“The Holdovers” is the newest narrative feature from director Alexander Payne. It follows a school instructor, played by Paul Giamatti, forced to look over a group of students during Christmas break. As the film progresses, he forms an unlikely friendship with one of the students, played by Dominic Sessa, and a cafeteria worker, played by Da’Vine Joy Randolph. It had its world premiere at the 50th Telluride Film Festival.
Payne is no stranger to slice-of-life, friendship dramas like “The Holdovers.” With features like “Sideways” and “Nebraska,” he has proven that he can craft genuine stories of human connection, and “The Holdovers” is yet another film that fits this theme.
The biggest highlight of this film is the acting. Paul Giamatti proves he is one of the most overlooked actors of this generation with his effortless charm. The relationships he builds with his students and peers are relatable and endearing, and that is because of Giamatti’s performance. Although he has unlikable aspects such as his ego and smart-aleck nature, these traits strengthen his relationships with the other characters.
Although Giamatti is amazing in the lead role, Sessa and Randolph are the true beating hearts of the film. The main protagonists are all troubled, flawed characters, but Sessa and Randolph bring so much raw emotion that it is impossible not to fall in love with their characters. Their backstories are quite tragic, and the two portray them perfectly. All three actors are worthy of an Oscar nomination.
Another Oscar-worthy element of “The Holdovers” is the screenplay. The film doesn’t play out in an unpredictable manner, but the dialogue and the themes are extremely universal. Ideas of life and relationships are discussed in a way that is accessible to the viewer while providing entertaining sequences from start to finish. The main protagonists deal with a tragedy that makes them view life differently. As they build a friendship with each other, they learn to appreciate life which contrasts their beliefs from the beginning of the film.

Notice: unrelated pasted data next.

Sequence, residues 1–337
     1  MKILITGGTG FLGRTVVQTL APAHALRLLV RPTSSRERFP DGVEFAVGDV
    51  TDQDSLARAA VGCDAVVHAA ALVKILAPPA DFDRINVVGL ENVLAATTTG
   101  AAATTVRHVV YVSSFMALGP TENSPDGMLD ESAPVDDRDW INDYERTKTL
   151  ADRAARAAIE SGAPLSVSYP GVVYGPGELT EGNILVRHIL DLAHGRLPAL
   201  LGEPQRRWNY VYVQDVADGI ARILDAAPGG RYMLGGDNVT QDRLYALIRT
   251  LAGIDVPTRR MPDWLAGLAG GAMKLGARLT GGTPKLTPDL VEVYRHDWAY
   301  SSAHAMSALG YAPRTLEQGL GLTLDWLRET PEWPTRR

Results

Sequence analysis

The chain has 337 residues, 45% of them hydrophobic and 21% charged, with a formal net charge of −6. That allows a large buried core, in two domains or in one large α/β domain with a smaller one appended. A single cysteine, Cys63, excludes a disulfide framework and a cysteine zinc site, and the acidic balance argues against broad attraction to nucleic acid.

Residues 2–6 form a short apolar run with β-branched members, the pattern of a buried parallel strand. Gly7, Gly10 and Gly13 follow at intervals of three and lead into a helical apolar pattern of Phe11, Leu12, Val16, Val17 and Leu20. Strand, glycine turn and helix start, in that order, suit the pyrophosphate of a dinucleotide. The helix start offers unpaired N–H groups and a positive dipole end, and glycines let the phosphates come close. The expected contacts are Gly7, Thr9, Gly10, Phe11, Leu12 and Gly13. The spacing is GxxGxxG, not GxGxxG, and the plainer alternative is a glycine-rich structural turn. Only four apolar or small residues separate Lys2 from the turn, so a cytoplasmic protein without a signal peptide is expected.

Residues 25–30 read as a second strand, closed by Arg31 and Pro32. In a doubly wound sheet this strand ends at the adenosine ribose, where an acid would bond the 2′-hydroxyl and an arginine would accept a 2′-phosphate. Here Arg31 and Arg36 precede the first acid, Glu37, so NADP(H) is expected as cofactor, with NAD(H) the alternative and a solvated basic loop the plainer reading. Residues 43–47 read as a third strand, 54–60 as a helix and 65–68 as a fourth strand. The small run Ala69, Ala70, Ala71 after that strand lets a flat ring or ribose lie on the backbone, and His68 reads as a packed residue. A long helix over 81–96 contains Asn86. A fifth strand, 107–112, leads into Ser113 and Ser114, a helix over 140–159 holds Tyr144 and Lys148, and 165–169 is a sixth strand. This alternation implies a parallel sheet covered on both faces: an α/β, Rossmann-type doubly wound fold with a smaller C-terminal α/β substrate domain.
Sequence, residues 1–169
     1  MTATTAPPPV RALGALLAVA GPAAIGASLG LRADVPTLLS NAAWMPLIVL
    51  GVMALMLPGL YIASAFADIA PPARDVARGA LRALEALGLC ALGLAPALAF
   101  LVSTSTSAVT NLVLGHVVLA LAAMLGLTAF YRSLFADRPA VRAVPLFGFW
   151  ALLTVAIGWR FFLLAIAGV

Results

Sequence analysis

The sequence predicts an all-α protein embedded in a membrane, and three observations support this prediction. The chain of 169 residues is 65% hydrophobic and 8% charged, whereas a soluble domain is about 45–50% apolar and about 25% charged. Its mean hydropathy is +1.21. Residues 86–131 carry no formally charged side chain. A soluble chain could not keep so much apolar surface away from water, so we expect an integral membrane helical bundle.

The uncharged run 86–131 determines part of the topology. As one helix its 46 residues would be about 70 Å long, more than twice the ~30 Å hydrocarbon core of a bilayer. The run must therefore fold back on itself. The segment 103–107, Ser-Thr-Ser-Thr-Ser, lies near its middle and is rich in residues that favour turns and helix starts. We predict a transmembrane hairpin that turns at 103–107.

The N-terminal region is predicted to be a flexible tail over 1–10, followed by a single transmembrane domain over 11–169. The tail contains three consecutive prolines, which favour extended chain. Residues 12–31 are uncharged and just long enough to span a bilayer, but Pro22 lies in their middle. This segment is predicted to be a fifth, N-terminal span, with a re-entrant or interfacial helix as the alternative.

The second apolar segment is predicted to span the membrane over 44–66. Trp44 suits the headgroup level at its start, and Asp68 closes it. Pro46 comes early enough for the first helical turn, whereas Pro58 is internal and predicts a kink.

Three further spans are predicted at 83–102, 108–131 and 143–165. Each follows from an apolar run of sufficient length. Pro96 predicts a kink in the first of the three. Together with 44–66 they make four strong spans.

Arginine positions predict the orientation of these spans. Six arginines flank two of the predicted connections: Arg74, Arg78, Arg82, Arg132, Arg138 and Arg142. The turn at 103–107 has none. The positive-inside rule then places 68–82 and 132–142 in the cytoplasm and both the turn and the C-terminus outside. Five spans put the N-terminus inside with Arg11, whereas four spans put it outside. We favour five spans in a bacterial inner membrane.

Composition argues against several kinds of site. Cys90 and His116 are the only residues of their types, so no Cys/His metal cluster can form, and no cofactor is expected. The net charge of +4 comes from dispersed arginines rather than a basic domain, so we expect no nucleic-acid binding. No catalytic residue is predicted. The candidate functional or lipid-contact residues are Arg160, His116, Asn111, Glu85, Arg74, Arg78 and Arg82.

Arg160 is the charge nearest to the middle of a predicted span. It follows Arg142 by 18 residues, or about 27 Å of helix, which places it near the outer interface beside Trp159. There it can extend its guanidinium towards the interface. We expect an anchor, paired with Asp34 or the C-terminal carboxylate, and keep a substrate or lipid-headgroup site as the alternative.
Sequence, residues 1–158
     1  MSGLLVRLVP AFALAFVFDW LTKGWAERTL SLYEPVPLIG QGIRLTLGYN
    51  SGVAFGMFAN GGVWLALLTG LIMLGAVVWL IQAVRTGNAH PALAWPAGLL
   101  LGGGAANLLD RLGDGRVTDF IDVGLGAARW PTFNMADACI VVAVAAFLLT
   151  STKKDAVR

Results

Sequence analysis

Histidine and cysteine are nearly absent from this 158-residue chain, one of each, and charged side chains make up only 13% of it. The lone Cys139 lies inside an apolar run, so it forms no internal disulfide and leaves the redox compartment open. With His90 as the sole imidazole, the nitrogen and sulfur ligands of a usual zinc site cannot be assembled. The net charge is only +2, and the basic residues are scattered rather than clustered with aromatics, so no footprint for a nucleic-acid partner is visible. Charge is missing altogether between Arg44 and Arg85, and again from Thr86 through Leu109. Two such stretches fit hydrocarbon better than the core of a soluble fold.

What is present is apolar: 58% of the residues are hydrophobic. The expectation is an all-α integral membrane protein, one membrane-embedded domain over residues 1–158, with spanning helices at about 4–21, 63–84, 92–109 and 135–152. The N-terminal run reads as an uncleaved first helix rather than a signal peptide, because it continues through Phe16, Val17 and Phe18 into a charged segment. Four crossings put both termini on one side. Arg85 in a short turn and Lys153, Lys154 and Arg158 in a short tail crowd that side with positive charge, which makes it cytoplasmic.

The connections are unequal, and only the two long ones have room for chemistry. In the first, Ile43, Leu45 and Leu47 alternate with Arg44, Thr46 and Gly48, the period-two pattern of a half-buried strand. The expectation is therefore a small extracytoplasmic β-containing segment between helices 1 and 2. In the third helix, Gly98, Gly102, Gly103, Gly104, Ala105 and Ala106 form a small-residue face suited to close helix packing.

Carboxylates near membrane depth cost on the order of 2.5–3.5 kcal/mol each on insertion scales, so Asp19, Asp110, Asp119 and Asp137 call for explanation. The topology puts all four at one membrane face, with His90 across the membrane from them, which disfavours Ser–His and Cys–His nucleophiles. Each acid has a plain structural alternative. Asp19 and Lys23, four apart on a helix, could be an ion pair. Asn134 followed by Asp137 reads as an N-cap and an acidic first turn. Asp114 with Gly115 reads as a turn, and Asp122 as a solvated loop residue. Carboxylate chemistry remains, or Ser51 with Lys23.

“The Holdovers” is not only a success in the writing, but in the visual and audible department as well. The film takes place in the 70s, but it also looks, and sounds, like a film from this same era. There is a grainy aspect to the cinematography that is reminiscent of films from the 70s. It has an echo-type quality, similar to the sound of an old stereo. These approaches to filmmaking add to the visual experience of the movie, both internally and externally.
The film takes heavy inspiration from other films like “Dead Poets Society,” and some may fault the film for this. The direction the film’s script takes is similar to “Dead Poets Society,” making it easy to figure out what happens in the story. Although this could be a flaw in some people’s eyes, the dialogue and characters are likable enough that people may forgive the film for being predictable.
Charming, funny, endearing and emotional, “The Holdovers” has everything needed in a great film. The warm environment built through the cinematography and characterization makes this an extremely pleasant watch. It is a movie that everyone will likely enjoy watching and will become a success with both traditional audiences and film critics. The perfect movie for the holiday season.
Trevor Stucker (he/him) is a sophomore majoring in Applied Film and Journalism. This is his second year writing for The Campus Citizen.